Victoria Noe

Award-winning Author, Speaker, Activist

When a Coworker Dies

valentine-calla-lily-flower-350Where do you work? In an office? A store? A theatre?

Every workplace has its own culture, its own personality. Some have open floor plans, others a hive of cubicles and offices with closed doors. Some have strict dress codes or time clocks to punch. Others thrive on creative chaos.

But every one of them faces the possibility of a crisis when an employee dies.

How people grieve is individual and personal, so it’s to be expected that there can be conflict when a group of people in a work environment have to deal with a coworker’s death. Every workplace seems to have a few specific personalities.

The Social Director: They organize theme lunches and after-work gatherings. They decorate the office for holidays and make sure birthdays are always celebrated.

The Brownie: They are all-work, no play. You want to play? Do it somewhere else. They never, ever make personal phone calls on company time.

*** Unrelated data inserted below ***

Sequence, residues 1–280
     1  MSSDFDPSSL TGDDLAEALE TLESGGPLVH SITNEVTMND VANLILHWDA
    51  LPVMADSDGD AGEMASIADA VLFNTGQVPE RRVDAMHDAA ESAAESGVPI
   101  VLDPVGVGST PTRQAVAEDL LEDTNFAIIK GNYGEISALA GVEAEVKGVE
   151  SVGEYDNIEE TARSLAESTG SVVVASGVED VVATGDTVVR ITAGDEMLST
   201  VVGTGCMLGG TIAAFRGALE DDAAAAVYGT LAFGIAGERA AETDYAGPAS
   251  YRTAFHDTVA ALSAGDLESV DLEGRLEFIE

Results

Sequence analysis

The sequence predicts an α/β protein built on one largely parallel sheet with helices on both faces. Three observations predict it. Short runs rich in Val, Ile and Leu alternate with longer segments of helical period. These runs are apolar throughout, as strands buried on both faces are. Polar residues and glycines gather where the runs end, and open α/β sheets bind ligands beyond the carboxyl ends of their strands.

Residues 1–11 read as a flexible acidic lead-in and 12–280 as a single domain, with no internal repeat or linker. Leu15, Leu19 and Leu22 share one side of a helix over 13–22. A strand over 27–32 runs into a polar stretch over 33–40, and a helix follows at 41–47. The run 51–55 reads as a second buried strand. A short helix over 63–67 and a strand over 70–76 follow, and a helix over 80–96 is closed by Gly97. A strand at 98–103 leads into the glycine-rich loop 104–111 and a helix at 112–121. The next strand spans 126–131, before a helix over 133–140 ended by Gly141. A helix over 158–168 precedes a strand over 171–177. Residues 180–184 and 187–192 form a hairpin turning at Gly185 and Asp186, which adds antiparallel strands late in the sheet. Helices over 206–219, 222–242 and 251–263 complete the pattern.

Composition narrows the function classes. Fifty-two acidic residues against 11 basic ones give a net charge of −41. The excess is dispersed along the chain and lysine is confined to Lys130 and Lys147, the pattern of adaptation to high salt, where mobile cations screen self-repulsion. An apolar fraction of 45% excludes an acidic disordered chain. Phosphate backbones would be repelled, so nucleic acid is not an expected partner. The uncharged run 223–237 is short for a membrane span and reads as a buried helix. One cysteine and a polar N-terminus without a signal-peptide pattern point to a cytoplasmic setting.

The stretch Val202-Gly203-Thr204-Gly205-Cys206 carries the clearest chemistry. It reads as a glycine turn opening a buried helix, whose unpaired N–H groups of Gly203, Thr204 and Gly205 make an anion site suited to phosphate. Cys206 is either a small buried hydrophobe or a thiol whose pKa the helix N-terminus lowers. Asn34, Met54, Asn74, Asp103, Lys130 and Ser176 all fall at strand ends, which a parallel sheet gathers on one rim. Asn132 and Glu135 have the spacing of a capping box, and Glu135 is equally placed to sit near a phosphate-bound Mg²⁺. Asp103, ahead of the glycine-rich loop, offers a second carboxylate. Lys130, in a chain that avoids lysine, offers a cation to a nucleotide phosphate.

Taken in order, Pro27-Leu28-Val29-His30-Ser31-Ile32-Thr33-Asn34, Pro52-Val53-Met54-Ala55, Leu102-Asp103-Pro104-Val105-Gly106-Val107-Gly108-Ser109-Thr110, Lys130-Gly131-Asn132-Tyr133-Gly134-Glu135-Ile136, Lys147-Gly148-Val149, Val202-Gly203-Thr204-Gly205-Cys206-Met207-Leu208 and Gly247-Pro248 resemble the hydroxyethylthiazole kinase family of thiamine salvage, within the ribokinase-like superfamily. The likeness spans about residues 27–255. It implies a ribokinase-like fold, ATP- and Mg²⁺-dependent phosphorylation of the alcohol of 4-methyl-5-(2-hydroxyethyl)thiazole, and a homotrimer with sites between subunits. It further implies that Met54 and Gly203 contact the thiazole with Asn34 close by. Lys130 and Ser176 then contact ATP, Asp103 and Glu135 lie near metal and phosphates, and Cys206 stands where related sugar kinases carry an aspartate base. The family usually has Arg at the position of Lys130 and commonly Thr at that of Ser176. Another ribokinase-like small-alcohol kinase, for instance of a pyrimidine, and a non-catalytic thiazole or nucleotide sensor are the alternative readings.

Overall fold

The Team Builder: They’re always suggesting group activities. They can be annoyingly cheerful.

The Spy: They know everything that’s going on with everyone at all times. They probably report to the boss, though no one can confirm that because they cover their tracks so well.

Now imagine that someone at work has died.

The Social Director immediately turns the employee’s work station into a shrine.

The Brownie insists that everyone keep their focus where it belongs: on their jobs.

The Team Builder organizes a workplace memorial service, passes around the condolence card with a pitch for a donation to the family.

The Spy tries to figure out who’s going to replace the deceased employee.

If these activities seem a bit at odds, you’re right. Everyone is going to react differently. Some will try to concentrate on work. Others will be unable to do so. Some will worry about who’s going to replace their deceased coworker. Others will hope they take over that job.

Many of us have friends at work, and a lot of those friendships last longer than the jobs. We spend most of our waking hours with them, so why wouldn’t we grieve when they die?

Just like when a family member dies, there can be conflicts in the workplace. I don’t think they’re all avoidable, because grief is just too individual to regulate.

But setting a policy – just like writing a will – can ease the chaos that often ensues when a coworker dies.

Check with your HR department or your boss. It’s not an easy conversation so most people avoid it. But as you learned in the stories in Friend Grief in the Workplace: More Than an Empty Cubicle, planning ahead can make all the difference in the world.

And it will give that office spy a lot less to do.